7 Health Benefits of Dark Chocolate

People often get tired and stress when focusing in one particular aspect. There are many ways to solve this problem. You can take a break for short period so that the body can refresh again. You can also eat foods or snack which provides nutrition for the body and mind. Moreover, you should practice exercises every day to prevent illness and exhausted. It is better to have one effective machine at home to work out in the spare time. Spend sometimes searching on different spin bike reviews to pick up one suitable one.

Nowadays, chocolate is not a junk food anymore. In fact, it contains lots of nutrition for the body, especially your brain. This type of food is very useful for people who have to work all day. Check out these benefits below:


Studies have shown that eating dark chocolate is delicious and sweet. In addition, it is very effective for curing a broken heart. The main ingredient of chocolate is cacao; this also helps creating a favorable taste for chocolate. When eating dark chocolate regularly, you will receive a large number of benefits.


Strengthen the heart

Researches have shown that chocolate is good for improving cardiovascular. For instance, a study of more than 33,000 women in Sweden showed that people who eat dark chocolate regularly will reduce the risk of taking cardiovascular disease.

On the other hand, a square piece of chocolate can lower the risk of stroke and heart attack up to 45%. The main ingredients of chocolate include flavonoids and antioxidant will enhance the flexibility of all the veins.

Lose weight

lose-weight-with-chocolate If you are still confuse whether chocolate can benefits your diet plan or not. It will give more things than you have expected.

On the other hand, dark chocolate gives more sense of full than its lighter-colored siblings. Individuals are less likely to crave for salty and fatty foods. Therefore, it is better if you stick it to the daily diet plan regularly.

Prevent diabetes

Sweet things are the main causes for diabetes. According to some researches from Italy, people who consume dark chocolate for half a month will reduce their level of insulin.

Make people happier

make-people-happierWomen who have pregnancy should eat chocolate regularly. This will make the mother become happier which is good for the children in the future. Therefore, the babies will become happier and smile more often.

You can also pick a small piece of dark chocolate in the baby’s mouth sometimes.

Release stress

release stress

In fact, people are more likely to get stressed when they are studying in college. This will make they eat more snack such as chocolate, candy bars or coke. In addition, study has showed that stressed people should eat one bar of chocolate twice a week. To illustrate, the level of hormone will reduce significantly.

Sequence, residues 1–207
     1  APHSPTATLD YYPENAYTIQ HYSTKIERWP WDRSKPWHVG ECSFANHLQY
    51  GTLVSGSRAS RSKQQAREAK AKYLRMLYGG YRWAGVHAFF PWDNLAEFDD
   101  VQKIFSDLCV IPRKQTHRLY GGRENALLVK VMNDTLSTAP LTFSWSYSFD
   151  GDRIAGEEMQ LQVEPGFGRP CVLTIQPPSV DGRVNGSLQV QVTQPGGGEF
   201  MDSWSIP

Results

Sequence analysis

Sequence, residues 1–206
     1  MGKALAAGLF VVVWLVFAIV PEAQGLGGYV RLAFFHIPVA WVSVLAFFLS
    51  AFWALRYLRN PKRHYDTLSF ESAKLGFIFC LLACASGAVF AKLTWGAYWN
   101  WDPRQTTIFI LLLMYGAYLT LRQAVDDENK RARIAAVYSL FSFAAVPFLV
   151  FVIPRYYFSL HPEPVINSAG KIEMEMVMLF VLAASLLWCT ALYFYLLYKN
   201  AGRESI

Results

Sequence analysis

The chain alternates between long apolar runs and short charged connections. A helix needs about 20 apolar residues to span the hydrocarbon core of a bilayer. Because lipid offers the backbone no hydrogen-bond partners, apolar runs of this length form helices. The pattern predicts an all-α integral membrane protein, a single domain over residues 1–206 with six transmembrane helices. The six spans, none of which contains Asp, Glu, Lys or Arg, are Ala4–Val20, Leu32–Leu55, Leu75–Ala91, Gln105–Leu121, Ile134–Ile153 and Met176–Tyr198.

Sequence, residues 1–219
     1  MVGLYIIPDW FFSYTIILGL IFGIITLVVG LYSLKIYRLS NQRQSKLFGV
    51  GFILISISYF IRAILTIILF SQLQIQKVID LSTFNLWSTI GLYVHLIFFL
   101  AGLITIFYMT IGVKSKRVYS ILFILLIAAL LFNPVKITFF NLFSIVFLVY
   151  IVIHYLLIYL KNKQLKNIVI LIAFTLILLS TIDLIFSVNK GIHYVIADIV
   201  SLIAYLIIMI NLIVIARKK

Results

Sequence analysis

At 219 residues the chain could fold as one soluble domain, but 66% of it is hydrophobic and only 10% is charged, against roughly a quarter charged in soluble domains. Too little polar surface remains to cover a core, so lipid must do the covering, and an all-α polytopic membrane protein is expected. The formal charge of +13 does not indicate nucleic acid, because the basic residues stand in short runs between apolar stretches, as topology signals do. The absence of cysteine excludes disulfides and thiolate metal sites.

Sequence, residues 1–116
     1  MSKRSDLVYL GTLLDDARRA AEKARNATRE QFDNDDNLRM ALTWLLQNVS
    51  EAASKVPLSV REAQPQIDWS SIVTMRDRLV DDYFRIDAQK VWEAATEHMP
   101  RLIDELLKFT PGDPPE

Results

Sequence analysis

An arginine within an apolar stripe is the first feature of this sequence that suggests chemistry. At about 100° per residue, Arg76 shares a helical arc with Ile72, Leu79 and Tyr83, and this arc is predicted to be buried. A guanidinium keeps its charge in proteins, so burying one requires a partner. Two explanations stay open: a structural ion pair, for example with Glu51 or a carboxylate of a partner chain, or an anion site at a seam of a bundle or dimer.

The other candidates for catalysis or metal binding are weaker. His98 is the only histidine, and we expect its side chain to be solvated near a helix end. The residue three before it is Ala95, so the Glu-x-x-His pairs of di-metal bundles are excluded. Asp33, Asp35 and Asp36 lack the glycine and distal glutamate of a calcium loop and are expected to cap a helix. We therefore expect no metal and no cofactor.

Improve intelligence

When you are suffering from stress during the working time, don’t hesitate to take one chocolate bar from the machine. Eating this not only provides more energy for the body, but boosts the power for your brain as well.

In addition, research from a university in Nottingham found that ingredients in chocolate stimulate the blood in your brain for more than 4 hours. Therefore, it can help improving the performance and productivity of your work.

Reduce cough and diarrhea

People who are having cough can reduce their sickness after eating chocolate. To illustrate, it releases illness in each nerves of your mind.

In fact, the cocoa flavonoids will provide protein for the small intestine during the diarrhea time.

To conclude, there are information related to chocolate. You should check out the benefits of it in order to know clearly about the importance of chocolate. In addition, remember to stick to a healthy diet plan and regular exercises for a long period of time.

Rev up your weight-loss momentum

It’s natural to lose steam on any weight-loss program, no matter how committed you are to achieving your goal. This month, find ways to fire up your enthusiasm–and watch the pounds fall off even faster.

Nine months into our Real-Life Healthy Life (RLHL) program, participants Crystal, Lily, and Maria need some motivation. To help jumpstart their drive to lose, we asked them to assess their progress thus far and to set new, bolder weight-loss goals for the end of the year. Why not do the same thing yourself? And while you’re at it, check out the tips for cutting calories and boosting slim-down ambition from RLHL nutrition expert Elisa Zied, R.D., author of Feed Your Family Right!


“I recently sprained my knee and am doing physical therapy three times a week, so I can’t do much cardio exercise until it heals. To get my heart rate up, I’m going to do crunches and yoga twice a day instead of just once. Our dog wakes me up at 6 a.m. every day–long before the boys are up–so I can fit in more exercise then. As soon as my knee heals, I’ll be back on my treadmill.”